The EU “institutions” existed prior to the treaties, the true purpose of which is to establish the legal basis for doing as they please, under the veil of “the tasks entrusted to them”. By such vague and convoluted language the Treaties become a europhile lawyers’ paradise, and discourage most citizens from reading them.

The list of those who “RESOLVED” does not include a representative from the UK, although the list at the top of the TEU includes the Queen, as Head of State, presumably under the direction of the government of the day.

The rate of improvement for several decades has been rather modest, probably because the EU gets more and more encrusted with growth-destroying regulation.

What obstacles did they have in mind and what have they achieved? They have not achieved what they claim and cannot “guarantee” that they will.

What “concerted action” has been taken and with what effect? What evidence shows how the “essential objective” has been (or is being) achieved?

RECOGNISING” and “ANXIOUS” are soft targets. The ideology is evident in these: “strengthen the unity”, “ensure their harmonious development” and “reducing the differences”, which give the game away.

Where is the “harmonious development” they are “ANXIOUS to strengthen”? Less-favoured regions (such as Greece and Southern Italy) remain unfavoured; favoured regions, including Germany, have done well, mostly by their own efforts rather than the EU’s.

DETERMINED” indicates the crucial ambition, and correctly describes the underlying value.

Other constitutions also state their ambitions in high-minded rhetoric that may not always be realised but compare this unmemorable ‘waffle’ with “We hold these truths to be self-evident, that all men are created equal.” Who could or would quote a word of the above waffle, or hold the EU to account for it?*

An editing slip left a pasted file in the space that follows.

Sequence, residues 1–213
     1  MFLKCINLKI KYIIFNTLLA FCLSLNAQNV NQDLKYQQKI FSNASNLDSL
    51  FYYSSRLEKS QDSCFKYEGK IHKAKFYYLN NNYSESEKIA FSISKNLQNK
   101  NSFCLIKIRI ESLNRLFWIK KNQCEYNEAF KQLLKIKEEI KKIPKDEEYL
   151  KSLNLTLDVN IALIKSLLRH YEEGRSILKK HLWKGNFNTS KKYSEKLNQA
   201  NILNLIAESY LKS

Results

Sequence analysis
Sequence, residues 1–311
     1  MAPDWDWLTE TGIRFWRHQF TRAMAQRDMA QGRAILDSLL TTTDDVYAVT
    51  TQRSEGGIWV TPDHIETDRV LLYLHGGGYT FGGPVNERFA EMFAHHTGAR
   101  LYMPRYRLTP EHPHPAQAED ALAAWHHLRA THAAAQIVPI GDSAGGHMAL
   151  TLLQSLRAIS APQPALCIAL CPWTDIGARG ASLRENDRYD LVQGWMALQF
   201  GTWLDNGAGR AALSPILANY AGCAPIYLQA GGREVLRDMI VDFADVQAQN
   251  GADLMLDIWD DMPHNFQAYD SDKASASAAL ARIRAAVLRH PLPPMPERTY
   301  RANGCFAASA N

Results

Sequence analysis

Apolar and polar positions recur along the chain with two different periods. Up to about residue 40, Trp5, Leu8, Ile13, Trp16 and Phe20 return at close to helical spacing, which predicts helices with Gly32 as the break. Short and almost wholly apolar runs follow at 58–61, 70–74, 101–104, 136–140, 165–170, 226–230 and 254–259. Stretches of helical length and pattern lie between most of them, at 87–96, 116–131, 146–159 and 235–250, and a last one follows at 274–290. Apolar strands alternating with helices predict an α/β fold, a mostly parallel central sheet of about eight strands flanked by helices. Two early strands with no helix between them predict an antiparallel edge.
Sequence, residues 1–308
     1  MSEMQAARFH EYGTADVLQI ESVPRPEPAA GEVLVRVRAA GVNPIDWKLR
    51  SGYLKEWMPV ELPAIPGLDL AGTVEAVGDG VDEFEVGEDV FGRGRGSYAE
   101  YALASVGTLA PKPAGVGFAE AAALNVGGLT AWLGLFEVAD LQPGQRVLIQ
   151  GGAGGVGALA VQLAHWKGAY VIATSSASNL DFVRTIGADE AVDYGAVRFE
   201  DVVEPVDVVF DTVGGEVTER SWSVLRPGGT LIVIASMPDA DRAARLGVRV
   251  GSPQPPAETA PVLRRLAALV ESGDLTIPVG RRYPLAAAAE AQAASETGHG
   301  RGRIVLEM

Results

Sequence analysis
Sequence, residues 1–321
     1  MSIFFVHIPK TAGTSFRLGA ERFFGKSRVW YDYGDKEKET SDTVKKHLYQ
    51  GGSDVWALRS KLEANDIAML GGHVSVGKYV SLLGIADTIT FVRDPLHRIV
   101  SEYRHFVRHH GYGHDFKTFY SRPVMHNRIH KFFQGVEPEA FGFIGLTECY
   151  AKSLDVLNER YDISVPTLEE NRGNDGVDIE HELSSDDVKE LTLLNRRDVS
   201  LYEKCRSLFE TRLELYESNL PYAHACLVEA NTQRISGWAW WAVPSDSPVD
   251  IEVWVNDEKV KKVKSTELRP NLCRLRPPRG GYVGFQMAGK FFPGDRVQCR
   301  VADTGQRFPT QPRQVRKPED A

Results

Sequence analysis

After the general sentiments and ambitions come the implementation details. From

EU Treaties-1: Background & Membership

Democracy and Development

Article 14: 1. The European Parliament shall, jointly with the Council, exercise legislative and budgetary functions. It shall exercise functions of political control and consultation as laid down in the Treaties.

Article 15: 1. The European Council shall provide the Union with the necessary impetus for its development and shall define the general political directions and priorities thereof. It shall not exercise legislative functions.

Article 16: 1. The Council shall, jointly with the European Parliament, exercise legislative and budgetary functions. It shall carry out policy-making and coordinating functions as laid down in the Treaties.

2. The Council shall consist of a representative of each Member State at ministerial level, who commit the government of the Member State in question and cast its vote.

Since only the European Commission can propose and make laws and budgets, the expression “exercise legislative and budgetary functions” actually means that the Parliament may argue about laws and budgets and, in the extreme, veto them; but the Article, with “exercise” suggests that something more substantial is being stated.

The first statement is grand but ill-defined and vague; how does the European Council “provide…the necessary impetus” and what does it mean to “define the general political directions”? The treaties don’t define this. In particular, how many “directions” do they expect it to take? This is sufficiently vague to let them define their remit as they will, including exercising “legislative functions”, however they choose to define those.

Point 2 confirms the lack of substance of the European Council, as, according to this Article, the ministerial representatives on the Council “commit” their governments, without the need to consult their heads of state. Of course this is unrealistic in practice and so represents another gap between theory (legal treaties) and practice (a minister who goes against the head of state will quickly be dismissed).